Hyperpolarized MRI aims to slash time needed to determine tumor treatment response

A new MRI technique being studied at Memorial Sloan Kettering Cancer Center in New York City could cut the time needed to reveal whether a tumor is responding to treatment from a matter of weeks to just a few days.

The technology in question makes use of hyperpolarized MRI to track tumors as they metabolize a sugar solution.

Kayvan Keshari, PhD, and his Memorial Sloan Kettering colleagues prepare the molecules of the sugar solution by orienting them to the MRI’s magnetic field at extremely low temperatures. The result is a 10,000-fold increase in the signal strength emitted by the substance, which is then injected into the patient.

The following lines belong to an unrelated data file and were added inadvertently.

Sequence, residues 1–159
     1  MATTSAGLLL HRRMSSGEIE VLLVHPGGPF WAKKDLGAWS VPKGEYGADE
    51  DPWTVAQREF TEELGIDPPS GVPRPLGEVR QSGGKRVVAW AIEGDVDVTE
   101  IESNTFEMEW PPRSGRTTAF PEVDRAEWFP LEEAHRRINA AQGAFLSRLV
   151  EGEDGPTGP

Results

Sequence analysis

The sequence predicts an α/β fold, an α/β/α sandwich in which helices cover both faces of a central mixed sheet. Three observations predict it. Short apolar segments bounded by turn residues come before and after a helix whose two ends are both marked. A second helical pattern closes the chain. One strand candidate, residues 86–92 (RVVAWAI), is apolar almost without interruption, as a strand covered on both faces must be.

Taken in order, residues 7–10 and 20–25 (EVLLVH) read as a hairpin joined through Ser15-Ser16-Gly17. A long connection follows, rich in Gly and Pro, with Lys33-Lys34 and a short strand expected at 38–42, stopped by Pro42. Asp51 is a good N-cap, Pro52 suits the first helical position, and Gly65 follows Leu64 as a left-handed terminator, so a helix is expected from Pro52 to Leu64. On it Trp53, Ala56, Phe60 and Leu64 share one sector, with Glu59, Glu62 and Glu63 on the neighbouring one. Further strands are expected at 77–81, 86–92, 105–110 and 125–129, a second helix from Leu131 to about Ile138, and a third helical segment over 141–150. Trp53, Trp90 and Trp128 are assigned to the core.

Imaging the metabolic processes of the tumor in this manner could potentially be able to tell whether a treatment is working within 24 to 48 hours, according to Keshari.

Testing began in May at Memorial Sloan Kettering using GE’s SpinLab system. Initial research focused on prostate cancer but future investigations will target breast, brain, liver, kidney, and bone cancers, along with soft tissue sarcomas.

Research is being conducted with funding from the National Institutes of Health.